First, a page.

#Asia Funding famine gnaws at one more food startup: Eatfresh shuts retail food delivery

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Rajiv Subramanian, Eatfresh’s founder, with his team of chefs. Photo credit: Eatfresh.

Bangalore-based startup Eatfresh has suspended its on-demand food delivery service and is now focusing on group and bulk orders.

“Dear customers, we no longer operate our on-demand meal delivery service, and will only cater to party or bulk orders in the future. We strived to create a differentiated offering, and hope that we leave you with some happy memories…” says a message on the Eatfresh website.

The reasons behind the rollback are unknown, as the company CEO Rajiv Subramanian was unavailable to speak.

Eatfresh was launched by Indian Institute of Management, Ahmedabad, (IIM-A) alumnus Rajiv in 2015. The startup used to offer chef-cooked Indian and international cuisines with a daily rotating menu, much like Freshmenu, in Chennai and Bangalore.

The idea behind Eatfresh was to control all stacks of a food delivery process, from order-taking to food preparation to delivery. “Managing the full-stack gives high margins of around 40 percent, but it also requires a lot of funds to manage processes from top to bottom. This could have hurt Eatfresh,” says an analyst who didn’t want to be named, because the startup hasn’t released an official statement on the rollback.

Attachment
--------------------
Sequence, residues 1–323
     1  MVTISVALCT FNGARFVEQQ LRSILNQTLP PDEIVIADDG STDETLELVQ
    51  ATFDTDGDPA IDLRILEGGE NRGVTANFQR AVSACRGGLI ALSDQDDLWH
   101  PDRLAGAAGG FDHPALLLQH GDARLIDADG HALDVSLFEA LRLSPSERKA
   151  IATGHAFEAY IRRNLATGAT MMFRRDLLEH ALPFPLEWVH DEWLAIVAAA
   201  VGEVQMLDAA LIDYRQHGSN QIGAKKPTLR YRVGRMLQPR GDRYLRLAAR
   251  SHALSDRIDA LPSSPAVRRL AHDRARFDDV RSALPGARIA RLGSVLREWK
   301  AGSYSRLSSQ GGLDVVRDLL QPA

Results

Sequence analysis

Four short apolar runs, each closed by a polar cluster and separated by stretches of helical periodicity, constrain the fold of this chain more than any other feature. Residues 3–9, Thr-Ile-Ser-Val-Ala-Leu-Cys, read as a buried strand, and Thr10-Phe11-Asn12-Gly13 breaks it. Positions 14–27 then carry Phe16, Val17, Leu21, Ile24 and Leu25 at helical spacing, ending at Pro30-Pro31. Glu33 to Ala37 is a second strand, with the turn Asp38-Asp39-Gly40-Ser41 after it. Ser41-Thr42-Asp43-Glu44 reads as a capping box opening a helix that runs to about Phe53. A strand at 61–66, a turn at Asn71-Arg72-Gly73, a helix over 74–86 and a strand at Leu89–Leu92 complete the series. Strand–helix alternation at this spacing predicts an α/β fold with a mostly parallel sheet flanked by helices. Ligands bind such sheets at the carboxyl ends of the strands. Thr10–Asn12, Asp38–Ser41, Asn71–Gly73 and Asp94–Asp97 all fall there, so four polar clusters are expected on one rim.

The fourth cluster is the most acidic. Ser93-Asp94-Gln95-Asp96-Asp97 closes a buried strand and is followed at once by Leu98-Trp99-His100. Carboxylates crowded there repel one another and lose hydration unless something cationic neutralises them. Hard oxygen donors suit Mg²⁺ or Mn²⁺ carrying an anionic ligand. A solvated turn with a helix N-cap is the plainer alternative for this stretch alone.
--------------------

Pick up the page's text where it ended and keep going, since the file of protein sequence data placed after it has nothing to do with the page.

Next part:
Eatfresh is the food delivery brand of Ubiquitous Foods, which also operates the eight-year-old retail bakery chain Ovenfresh. Venture capital firm Kalaari Capital had picked up a minority stake in Ubiquitous Foods in 2013.

Eatfresh claimed to have raised nearly US$4 million in total after Kalaari Capital put in additional funds in the company in December 2015.

The funds were to be used for expansion into Pune, Hyderabad, and other cities.

Screenshot of Eatfresh website, notifying users of the rollback. Photo credit: Eatfresh.

See: 25 failed startups in India this year and what you can learn from them

Series of shutdowns

The food-tech segment has been struggling with funding in the past one year, resulting in a number of shut downs. Overall, the food tech space saw an 87 percent decline in funding in 2016.

TinyOwl, for one, was one of the most talked-about failure stories in 2016. The startup raised US$16 million in February 2015, followed by a bridge round of US$7.4 million in October. But all the funding could not solve the core problems of delivery costs, negative margins, and unreliable food quality and service from restaurants. Massive layoffs followed and it eventually merged with logistics startup Roadrunnr.

Zupermeal, which wanted to connect home chefs with professionals ordering food in cities, got US$2 million in seed funding from angel investors, including celebrity chef Sanjeev Kapoor. But it closed down within eight months in May 2016.

Other food startups that had to shut down services include BiteClub, Zeppery, EatOnGo, Dazo, and Spoonjoy. iTiffin, which was backed by Bangalore cricket star Robin Uthappa also shut shop in 2016.

Others who diversified into food delivery, such as taxi app Ola, also wound up operations, while restaurant discovery site Zomato scaled back operations. Rocket Internet’s Foodpanda was acquired by Delivery Hero.

This post Funding famine gnaws at one more food startup: Eatfresh shuts retail food delivery appeared first on Tech in Asia.

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